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Hazards, number 144, 2018
Turkey: Unions and campaigners stand up to murder at work
An alliance of unions, experts and campaigners in Turkey is determined to make visible the preventable carnage in the country’s workplaces. Andrea Oates spoke to prominent campaigner and safety expert Asli Odman about the challenges they face.


Turkish workers have a slogan to describe life under President Recep Tayyip Erdoğan’s regime, says health and safety campaigner Asli Odman (right). “We don’t go to work, we go to war.”

She says the Turkish safety campaign groups Health and Safety Labour Watch (HSLW) and Support Group for Workers’ Families Seeking Justice (SGWFSJ) have made it their mission to expose the true scale and impact of this war on workers, and to hold those responsible to account.

As many as 30 people are killed in Turkish workplaces every day, she said, but only a small fraction of these deaths are officially recognised and registered as being work-related. Under Turkish law, the definition of work-related accidents and diseases is based on compensation figures. However, claiming compensation is far from straightforward and getting an official diagnosis is “incredibly complicated,” Asli said.

In 2001, a network of progressive academics, journalists, lawyers, doctors and engineers joined forces with workers and trade unionists to set up a joint campaign and to fund investigations into why so many workers were being killed in the country’s shipbuilding and repair yards.

The network now funds a co-ordinator to campaign across all sectors. It carries out painstaking research, scanning local and national, print and online media on a daily basis, compiling and publishing monthly updates and the annual Report on work murders.

“We make work-related deaths visible and part of the public consciousness,” said Asli. The campaign prefers the term ‘work-related murder’, arguing that 100 per cent of work-related fatalities are avoidable.

Far from improving, repressive government policies that started with the state of emergency declared in 2016 have made a bad situation worse. The work of unions and campaigners has been impeded. And HSLW reports a 10 per cent increase in work-related deaths since the state of emergency was declared.

Asli says that while progressive trade unions in Turkey are organising workers and campaigning on workplace health and safety, unions “haven’t caught up with precariousness”. And, unlike the UK, there are no trade union safety reps or health and safety experts within unions.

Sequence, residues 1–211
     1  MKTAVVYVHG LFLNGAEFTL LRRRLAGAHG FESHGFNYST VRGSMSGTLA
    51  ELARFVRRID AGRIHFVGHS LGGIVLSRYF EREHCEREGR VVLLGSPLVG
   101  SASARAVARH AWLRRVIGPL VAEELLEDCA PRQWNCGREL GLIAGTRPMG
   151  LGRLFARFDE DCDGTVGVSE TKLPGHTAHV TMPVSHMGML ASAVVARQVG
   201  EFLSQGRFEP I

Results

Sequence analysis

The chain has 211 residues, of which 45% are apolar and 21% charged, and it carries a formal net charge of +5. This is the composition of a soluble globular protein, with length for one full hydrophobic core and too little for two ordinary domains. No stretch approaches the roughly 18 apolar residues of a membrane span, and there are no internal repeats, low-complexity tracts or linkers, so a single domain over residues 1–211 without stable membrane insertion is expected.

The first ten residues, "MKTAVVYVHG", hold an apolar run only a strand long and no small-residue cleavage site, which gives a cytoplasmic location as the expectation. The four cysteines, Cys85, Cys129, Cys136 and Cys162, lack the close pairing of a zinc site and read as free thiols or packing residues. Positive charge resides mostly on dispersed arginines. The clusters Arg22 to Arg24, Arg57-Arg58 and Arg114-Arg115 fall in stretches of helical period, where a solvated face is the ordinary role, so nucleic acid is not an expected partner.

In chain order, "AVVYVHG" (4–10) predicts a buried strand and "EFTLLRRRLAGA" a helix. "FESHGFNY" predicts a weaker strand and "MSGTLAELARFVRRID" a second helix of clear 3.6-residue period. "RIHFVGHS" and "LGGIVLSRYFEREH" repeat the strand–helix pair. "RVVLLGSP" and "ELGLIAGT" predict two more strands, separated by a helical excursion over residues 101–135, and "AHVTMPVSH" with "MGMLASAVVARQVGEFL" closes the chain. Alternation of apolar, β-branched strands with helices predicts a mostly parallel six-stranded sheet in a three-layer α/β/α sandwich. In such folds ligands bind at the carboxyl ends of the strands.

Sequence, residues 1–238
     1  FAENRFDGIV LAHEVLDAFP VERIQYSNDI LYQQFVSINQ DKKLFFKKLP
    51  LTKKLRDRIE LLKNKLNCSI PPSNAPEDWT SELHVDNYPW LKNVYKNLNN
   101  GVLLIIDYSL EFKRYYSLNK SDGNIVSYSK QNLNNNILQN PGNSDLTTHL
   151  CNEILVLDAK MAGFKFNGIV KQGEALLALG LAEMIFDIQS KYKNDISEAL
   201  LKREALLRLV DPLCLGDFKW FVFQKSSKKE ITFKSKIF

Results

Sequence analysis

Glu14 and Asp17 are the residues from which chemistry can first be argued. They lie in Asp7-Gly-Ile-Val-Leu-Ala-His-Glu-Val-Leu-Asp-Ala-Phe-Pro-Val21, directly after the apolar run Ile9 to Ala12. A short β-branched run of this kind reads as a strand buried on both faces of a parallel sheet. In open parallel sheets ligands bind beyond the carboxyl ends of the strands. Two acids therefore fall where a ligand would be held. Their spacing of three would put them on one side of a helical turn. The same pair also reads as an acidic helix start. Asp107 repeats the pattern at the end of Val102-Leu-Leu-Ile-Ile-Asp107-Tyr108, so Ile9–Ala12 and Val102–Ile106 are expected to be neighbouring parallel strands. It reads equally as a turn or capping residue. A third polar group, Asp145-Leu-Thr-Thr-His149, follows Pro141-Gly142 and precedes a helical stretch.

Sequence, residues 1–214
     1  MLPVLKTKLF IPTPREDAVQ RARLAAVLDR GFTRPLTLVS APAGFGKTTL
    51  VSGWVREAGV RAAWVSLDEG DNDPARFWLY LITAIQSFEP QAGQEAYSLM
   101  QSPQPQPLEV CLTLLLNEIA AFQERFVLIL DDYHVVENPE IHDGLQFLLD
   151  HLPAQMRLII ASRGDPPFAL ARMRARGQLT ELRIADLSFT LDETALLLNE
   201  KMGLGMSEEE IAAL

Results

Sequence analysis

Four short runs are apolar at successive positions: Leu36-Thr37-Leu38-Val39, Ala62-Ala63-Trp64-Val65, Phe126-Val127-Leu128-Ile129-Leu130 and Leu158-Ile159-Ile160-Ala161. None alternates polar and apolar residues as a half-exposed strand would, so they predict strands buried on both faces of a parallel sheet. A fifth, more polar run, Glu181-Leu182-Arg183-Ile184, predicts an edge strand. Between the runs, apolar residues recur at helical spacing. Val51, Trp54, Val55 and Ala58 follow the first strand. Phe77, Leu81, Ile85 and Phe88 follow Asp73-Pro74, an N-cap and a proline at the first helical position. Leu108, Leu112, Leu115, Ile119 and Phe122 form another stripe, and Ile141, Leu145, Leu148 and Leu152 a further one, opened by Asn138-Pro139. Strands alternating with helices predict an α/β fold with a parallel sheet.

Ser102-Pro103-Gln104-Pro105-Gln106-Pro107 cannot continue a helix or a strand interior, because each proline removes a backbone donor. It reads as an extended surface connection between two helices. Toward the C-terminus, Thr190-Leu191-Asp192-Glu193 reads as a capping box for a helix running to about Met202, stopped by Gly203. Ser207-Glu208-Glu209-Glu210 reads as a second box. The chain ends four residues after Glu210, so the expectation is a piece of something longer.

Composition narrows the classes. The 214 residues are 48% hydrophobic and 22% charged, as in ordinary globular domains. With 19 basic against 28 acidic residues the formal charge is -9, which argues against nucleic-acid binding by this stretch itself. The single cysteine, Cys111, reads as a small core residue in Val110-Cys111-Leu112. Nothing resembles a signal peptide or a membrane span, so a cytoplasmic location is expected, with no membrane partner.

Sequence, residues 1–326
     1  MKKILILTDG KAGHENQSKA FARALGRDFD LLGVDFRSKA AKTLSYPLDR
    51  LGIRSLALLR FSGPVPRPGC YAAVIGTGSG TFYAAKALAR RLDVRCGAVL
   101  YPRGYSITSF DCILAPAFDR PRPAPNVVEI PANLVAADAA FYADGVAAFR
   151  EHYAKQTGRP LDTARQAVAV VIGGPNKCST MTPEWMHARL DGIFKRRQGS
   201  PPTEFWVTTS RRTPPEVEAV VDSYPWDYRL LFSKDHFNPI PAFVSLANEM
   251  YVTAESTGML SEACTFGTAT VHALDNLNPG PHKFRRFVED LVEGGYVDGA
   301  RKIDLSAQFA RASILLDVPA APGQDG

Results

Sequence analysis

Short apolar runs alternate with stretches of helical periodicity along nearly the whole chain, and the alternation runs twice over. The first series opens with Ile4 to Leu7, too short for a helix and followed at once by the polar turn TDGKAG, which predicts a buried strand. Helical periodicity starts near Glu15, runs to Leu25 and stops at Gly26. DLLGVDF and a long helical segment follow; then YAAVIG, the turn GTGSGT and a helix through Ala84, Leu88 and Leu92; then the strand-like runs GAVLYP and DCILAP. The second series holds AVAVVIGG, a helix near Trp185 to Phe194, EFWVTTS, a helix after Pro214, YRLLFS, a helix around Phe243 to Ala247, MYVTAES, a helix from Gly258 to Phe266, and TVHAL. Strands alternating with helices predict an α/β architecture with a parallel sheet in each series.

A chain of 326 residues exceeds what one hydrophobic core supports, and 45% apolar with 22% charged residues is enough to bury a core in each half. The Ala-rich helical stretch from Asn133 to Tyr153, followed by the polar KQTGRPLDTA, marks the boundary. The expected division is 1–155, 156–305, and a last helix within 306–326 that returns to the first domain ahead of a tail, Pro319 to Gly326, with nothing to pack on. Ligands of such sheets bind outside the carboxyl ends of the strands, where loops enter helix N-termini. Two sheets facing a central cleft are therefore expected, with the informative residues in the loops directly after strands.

If the official figures fall short on ‘murders’ at work, they are wholly absent on occupational diseases. Extrapolating from World Health Organisation (WHO) data, campaigners estimate there are as many as 360,000 cases of occupational disease in Turkey every year. However, the latest official data shows only 597 diagnosed occupational diseases were recording in 2016.

There are only three hospitals that treat occupational diseases in Turkey, in İstanbul, Ankara, and Zonguldak. Workers are reluctant to be diagnosed with occupational diseases “due to the threat of unemployment, problems with disablement, and the lengthy legal and bureaucratic procedures that follow the diagnosis of an occupational disease,” the 2017 Report on work murders notes.

“Officially, no one dies of work-related diseases in Turkey,” says Asli.



MURDER COUNTS   The official Turkish Social Security Institution (SGK) recorded 1,405 work-related fatalities in 2016, almost ten times the rate in the UK. But although this number is shockingly high, it is far lower than the 2,000 or so deaths recorded by campaigners in the annual Report on work murders.


CHILD VICTIMS HSLW says at least 232 child workers died over the four years from 2013 to 2016, with almost half killed in the agriculture sector. Around one in eight were child migrants. It explains “child labour begins at a very young age in Turkey” and although it is illegal to employ children under the age of 15, HSLW has evidence child workers as young as six have been killed.


MISSING WOMEN Official figures show only a small minority of fatalities – just over 100 a year – are in women workers. But Asli Odman says women are far more like to be in informal or temporary work, often based at home. She says their deaths are invisible as “their homes are invisible as workplaces”. Cases are rarely reported by the Turkish press.


LITTLE PROTECTION The three sectors with the highest number of deaths in Turkey in 2017 were construction (453), agriculture and forestry (385) and transport (272). The number of workers benefiting from union protection has dropped dramatically. A working generation ago about a quarter of Turkey’s workers were in a union. Today it is in the low single figures, and unions are under attack. Union leaders and protesters against deadly workplace conditions have been arrested with regularity.


NO JUSTICE The Support Group for Workers’ Families Seeking Justice (SGWFSJ) says the courts impose “insignificant monetary penalties” on the parties responsible for workplace deaths and injuries, guaranteeing “criminal impunity” for offenders.


NO HOPE HSLW reports there were at least 90 work-related suicides in in Turkey in 2016, more death missing from the official body count. Campaigner Alsi Odman says workers – including teachers, bank worker, farmers, construction and security workers - are killing themselves as a result of work pressures, unemployment and debt.

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Work is war

An alliance of unions, experts and campaigners in Turkey is determined to make visible the preventable carnage in the country’s workplaces. Andrea Oates spoke to prominent campaigner and safety expert Asli Odman about the challenges they face.

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